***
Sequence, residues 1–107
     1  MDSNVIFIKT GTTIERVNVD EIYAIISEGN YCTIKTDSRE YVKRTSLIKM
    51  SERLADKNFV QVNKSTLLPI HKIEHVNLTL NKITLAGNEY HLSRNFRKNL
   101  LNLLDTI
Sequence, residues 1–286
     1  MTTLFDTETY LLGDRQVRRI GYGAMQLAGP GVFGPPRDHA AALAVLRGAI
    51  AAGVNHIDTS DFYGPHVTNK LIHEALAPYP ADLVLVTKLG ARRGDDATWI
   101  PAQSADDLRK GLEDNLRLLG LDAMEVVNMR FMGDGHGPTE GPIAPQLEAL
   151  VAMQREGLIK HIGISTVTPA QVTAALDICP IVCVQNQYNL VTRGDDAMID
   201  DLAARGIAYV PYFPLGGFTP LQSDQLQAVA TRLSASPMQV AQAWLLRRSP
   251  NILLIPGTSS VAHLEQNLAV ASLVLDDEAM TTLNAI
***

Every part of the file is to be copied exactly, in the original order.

Sequence, residues 1–107
     1  MDSNVIFIKT GTTIERVNVD EIYAIISEGN YCTIKTDSRE YVKRTSLIKM
    51  SERLADKNFV QVNKSTLLPI HKIEHVNLTL NKITLAGNEY HLSRNFRKNL
   101  LNLLDTI
Sequence, residues 1–286
     1  MTTLFDTETY LLGDRQVRRI GYGAMQLAGP GVFGPPRDHA AALAVLRGAI
    51  AAGVNHIDTS DFYGPHVTNK LIHEALAPYP ADLVLVTKLG ARRGDDATWI
   101  PAQSADDLRK GLEDNLRLLG LDAMEVVNMR FMGDGHGPTE GPIAPQLEAL
   151  VAMQREGLIK HIGISTVTPA QVTAALDICP IVCVQNQYNL VTRGDDAMID
   201  DLAARGIAYV PYFPLGGFTP LQSDQLQAVA TRLSASPMQV AQAWLLRRSP
   251  NILLIPGTSS VAHLEQNLAV ASLVLDDEAM TTLNAI